Section of Emergency Medicine
Assistant Professor of Medicine
Referring Physician Access Line: 1-877-DOM-2730
|BS||1989||Wofford College||Biology and History
|PhD||1994||University of South Carolina College of Medicine||Biomedical Science
|MD||2003||University of South carolina School of Medicine||
|Residency||2007||University of Michigan Hospital||Emergency Medicine
Ischemia/reperfusion (I/R) injury is a commonly encountered clinical phenomenon and is especially prevalent in the setting of acute coronary syndromes and cardiac arrest. Dr. Sharp was originally a cardiac cell biologist before his career as an Emergency Medicine Physician and his research combines his interest of both by investigating the mechanisms of I/R injury as well as the development of new clinical interventions in the acute setting. Cardiac I/R injury is well known to be associated with increased reactive oxygen species and the activation of apoptotic signaling cascades associated with cellular death. Although the exact mechanism of such injury are not entirely known, the generation of nitric oxide (NO) appears to play a prominent role since I/R injury can be attenuated in the presence of increased NO. One new development in the field of I/R injury, is the use of hypothermia to improve morbidity and mortality in the setting of cardiac arrest. Work by others in the Department have demonstrated the effects of hypothermia protection may be due in part to increased NO generation.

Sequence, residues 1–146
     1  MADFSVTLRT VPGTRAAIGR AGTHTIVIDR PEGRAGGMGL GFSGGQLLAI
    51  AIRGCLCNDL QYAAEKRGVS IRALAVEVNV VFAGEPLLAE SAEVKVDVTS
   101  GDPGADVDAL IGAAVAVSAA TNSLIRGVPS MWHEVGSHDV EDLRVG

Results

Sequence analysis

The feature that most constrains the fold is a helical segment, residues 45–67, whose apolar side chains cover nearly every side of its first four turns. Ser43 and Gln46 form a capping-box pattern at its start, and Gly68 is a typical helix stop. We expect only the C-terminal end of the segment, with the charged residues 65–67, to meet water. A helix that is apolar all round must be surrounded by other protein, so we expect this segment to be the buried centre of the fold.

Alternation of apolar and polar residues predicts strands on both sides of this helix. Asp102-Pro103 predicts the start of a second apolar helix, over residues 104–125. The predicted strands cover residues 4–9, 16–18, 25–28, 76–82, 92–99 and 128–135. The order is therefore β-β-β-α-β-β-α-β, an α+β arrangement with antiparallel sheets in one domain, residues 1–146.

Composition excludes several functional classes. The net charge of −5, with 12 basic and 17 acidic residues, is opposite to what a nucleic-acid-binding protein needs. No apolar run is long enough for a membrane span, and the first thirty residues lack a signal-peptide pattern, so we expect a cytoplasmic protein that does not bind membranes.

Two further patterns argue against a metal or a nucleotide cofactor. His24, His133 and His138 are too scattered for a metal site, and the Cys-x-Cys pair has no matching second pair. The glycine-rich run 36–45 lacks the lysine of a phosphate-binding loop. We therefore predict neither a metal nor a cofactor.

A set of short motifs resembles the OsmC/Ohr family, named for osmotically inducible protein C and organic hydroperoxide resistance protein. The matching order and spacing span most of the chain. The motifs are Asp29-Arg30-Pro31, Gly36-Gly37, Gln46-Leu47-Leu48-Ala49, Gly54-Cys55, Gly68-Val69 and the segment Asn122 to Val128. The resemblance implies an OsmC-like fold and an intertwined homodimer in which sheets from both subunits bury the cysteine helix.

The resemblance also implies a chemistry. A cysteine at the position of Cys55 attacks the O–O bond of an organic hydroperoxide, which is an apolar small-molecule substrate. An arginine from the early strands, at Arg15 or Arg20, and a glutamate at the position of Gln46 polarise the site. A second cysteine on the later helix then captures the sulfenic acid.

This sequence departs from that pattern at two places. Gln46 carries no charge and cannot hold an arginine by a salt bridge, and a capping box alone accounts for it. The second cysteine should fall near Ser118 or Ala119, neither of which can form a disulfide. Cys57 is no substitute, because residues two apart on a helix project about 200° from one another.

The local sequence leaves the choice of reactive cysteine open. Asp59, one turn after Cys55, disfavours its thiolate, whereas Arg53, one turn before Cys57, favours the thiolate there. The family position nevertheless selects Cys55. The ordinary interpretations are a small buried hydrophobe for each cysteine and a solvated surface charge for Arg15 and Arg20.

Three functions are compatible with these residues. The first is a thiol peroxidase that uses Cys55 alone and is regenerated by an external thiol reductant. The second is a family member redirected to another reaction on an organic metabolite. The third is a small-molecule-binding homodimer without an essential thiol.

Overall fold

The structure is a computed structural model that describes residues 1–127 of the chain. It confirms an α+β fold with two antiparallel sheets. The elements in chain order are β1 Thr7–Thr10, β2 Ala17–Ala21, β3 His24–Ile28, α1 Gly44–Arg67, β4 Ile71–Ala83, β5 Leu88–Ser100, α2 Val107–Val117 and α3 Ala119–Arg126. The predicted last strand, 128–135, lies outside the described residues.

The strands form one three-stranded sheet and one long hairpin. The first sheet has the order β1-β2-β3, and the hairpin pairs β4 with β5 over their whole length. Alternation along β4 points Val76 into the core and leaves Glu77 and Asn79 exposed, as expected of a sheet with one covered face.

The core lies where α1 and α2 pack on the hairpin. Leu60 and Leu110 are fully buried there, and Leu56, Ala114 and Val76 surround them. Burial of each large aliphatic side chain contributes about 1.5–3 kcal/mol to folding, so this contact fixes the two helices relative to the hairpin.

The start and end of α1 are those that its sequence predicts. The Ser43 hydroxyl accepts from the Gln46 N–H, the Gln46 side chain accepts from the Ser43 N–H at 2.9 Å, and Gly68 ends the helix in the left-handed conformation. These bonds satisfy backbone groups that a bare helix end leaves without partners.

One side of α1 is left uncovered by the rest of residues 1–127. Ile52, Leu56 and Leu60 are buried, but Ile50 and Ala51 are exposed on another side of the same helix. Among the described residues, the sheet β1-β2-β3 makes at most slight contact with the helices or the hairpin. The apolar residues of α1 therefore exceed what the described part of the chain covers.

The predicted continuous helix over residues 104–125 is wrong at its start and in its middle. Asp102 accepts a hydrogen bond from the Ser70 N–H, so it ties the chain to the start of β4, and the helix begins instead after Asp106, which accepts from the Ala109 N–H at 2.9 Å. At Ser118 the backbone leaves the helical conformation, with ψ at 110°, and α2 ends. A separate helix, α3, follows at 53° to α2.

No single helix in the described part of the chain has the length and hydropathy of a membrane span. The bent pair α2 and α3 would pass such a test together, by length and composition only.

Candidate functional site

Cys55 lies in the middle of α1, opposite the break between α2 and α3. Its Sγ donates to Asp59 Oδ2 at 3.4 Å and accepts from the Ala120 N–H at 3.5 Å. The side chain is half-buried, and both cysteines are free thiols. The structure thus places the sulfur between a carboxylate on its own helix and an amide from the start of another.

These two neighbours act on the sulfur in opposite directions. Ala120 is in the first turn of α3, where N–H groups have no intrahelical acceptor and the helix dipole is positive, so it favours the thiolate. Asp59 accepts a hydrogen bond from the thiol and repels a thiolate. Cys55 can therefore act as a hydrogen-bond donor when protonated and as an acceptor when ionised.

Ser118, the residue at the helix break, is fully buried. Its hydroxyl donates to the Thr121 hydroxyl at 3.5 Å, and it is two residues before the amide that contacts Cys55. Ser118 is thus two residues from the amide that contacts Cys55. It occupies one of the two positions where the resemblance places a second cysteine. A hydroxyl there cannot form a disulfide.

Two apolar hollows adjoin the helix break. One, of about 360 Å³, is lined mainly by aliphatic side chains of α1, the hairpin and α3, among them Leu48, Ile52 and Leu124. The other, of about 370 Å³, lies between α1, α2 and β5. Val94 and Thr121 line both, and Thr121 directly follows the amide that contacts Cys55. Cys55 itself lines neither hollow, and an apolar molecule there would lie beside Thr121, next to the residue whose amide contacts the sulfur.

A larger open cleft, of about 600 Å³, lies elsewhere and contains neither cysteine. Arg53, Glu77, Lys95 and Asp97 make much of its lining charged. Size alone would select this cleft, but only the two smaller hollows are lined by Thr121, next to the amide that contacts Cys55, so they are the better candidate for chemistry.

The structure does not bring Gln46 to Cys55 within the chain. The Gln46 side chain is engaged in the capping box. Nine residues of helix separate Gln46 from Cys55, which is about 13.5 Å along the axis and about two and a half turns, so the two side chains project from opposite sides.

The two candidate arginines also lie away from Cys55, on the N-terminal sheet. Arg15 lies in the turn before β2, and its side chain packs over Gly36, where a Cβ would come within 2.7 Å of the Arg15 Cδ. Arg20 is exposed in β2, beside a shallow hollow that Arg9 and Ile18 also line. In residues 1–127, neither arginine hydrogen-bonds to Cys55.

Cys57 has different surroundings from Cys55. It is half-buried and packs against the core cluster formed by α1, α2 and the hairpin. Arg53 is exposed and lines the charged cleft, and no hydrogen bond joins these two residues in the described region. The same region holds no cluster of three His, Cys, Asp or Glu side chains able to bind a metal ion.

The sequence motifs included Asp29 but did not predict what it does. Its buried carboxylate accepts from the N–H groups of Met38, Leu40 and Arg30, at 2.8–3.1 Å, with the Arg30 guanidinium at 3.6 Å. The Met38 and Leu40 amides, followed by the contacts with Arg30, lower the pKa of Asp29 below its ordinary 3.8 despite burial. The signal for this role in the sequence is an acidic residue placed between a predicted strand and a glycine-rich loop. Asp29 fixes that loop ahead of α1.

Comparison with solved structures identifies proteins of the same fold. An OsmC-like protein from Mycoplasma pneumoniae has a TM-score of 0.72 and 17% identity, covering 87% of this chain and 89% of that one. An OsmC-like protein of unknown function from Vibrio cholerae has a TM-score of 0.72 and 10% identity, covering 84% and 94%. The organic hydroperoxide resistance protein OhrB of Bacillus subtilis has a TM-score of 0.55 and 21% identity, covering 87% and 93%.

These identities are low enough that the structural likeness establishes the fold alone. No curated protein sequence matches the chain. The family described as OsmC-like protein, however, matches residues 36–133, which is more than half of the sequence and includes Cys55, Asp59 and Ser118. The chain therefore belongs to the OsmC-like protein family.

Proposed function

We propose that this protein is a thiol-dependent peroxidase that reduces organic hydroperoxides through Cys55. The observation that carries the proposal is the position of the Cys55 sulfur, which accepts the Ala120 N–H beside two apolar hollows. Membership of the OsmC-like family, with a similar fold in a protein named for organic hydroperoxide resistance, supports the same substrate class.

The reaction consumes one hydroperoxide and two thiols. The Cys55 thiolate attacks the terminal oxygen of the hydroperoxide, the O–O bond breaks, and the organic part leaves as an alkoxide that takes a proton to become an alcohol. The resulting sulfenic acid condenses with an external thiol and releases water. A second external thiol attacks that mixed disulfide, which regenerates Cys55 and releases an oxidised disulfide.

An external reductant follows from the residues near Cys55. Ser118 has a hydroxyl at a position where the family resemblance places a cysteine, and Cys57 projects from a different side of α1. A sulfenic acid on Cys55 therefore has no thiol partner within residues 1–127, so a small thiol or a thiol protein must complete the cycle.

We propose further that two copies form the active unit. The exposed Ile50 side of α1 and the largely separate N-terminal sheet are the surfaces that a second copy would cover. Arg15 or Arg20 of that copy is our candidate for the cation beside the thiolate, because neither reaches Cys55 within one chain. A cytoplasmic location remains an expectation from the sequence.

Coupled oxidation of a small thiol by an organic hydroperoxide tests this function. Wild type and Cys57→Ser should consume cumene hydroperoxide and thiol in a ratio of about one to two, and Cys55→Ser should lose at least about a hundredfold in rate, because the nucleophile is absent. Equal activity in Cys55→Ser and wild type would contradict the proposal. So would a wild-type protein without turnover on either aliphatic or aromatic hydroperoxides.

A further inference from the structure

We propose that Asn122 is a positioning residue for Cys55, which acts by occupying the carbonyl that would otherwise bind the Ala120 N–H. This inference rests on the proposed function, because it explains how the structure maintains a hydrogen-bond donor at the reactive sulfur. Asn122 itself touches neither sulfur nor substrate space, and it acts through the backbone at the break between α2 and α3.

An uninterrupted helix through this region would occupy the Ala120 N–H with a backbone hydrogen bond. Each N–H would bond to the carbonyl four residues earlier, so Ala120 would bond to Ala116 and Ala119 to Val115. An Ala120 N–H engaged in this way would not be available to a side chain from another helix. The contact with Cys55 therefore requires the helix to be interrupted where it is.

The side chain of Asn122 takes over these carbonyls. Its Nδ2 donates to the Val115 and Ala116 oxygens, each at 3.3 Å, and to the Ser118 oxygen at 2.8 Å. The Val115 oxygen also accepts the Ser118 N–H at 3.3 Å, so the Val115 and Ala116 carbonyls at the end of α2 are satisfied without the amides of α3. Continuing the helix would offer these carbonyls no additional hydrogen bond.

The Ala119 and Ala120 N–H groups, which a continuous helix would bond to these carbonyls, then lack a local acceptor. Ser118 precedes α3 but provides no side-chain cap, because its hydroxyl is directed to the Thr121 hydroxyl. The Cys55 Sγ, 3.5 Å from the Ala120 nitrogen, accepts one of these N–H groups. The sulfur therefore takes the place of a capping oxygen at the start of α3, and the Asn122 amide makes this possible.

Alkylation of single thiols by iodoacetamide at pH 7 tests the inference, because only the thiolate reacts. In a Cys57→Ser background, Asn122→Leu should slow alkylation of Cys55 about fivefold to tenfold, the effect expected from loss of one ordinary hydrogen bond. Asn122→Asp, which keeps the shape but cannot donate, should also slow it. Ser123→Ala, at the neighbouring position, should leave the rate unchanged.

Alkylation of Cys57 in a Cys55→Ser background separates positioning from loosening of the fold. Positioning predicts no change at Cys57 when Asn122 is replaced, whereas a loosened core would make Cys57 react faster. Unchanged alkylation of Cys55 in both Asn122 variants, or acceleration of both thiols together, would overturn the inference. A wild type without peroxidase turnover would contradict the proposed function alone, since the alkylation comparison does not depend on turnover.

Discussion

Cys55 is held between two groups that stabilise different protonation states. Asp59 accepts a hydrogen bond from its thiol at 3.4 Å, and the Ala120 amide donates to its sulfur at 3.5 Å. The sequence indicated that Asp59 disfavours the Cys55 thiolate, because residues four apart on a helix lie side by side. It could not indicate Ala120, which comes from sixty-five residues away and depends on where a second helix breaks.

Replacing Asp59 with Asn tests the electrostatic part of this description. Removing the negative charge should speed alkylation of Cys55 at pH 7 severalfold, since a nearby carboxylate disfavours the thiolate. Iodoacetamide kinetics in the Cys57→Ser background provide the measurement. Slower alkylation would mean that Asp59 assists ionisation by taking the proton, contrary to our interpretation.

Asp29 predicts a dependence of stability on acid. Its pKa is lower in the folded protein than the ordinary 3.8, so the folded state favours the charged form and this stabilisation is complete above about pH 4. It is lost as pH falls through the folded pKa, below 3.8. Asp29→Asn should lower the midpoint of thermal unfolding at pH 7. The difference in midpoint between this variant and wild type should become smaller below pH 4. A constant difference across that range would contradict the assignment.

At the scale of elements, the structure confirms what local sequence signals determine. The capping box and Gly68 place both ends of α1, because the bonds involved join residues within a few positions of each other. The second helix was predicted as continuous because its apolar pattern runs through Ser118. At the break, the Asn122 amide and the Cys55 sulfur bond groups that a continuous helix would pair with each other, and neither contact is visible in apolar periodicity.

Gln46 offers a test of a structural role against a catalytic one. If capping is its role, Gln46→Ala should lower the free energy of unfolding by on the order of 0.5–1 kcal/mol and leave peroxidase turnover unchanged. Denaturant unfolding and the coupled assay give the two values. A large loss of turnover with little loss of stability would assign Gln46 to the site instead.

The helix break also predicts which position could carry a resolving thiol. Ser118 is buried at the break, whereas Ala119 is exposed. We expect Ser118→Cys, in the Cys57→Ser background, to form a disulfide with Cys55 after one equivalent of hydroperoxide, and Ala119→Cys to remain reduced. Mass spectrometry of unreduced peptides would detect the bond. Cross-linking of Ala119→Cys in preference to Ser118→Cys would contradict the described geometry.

Dr. Sharp's current research is aimed at understanding how hypothermia modulates apoptotic signaling cascades, NO generation, and cardiac cell death. Recently we have shown that the cell survival kinase Akt is down regulated during ischemia and early I/R but is up regulated by hypothermia in chick cardiomyocytes. Further elucidation of these cell signaling cascades is ongoing. The ultimate goal of this research is to translate our understanding of cardiac cell biology and I/R injury into new bedside therapies for our patients in the settings of acute coronary syndromes and cardiac arrest.
- Simpson, D.G., Sharp, W.W., Terracio, L., Price,R.L., Borg, T.K., Samarel, A.M., 1996 Mechanical regulation of cardiac myocyte protein turnover and myofibrillar structure. Am. J. Phys. 270 (Cell Physiol.39) C1075-C1087
- Sharp, W.W., D.G. Simpson, T.K. Borg, A.M. Samarel, L. Terracio, 1997 Mechanical Forces Regulate Focal Adhesion and Costamere Assembly in Cardiac Myocytes. Am J. Phys (Heart and Circulatory Phys.) 273:H546-556.
- I A Pringle, S Raman, W W Sharp, S H Cheng, S C Hyde, D R Gill 2005. Detection of plasmid DNA vectors following gene transfer to the murine airways. Gene Therapy 12:1206-13
- Golspink,P.H*., Sharp, W.W.*, Russell, B., 1997 Localization of cardiac -myosin heavy chain mRNA is regulated by its 3’untranslated region via mechanical activity and translational block. J. Cell Sci. 110:2968-2978 *Denotes both authors contributed equally to the manuscript
- Perhonen, MA., Sharp, W.W. Russell, B. 1998. Microtubules are needed for dispersal of -myosin heavy chain mRNA in rat neonatal cardiac myocytes. J. Mol. Cell. Cardiol. 30:1713-1722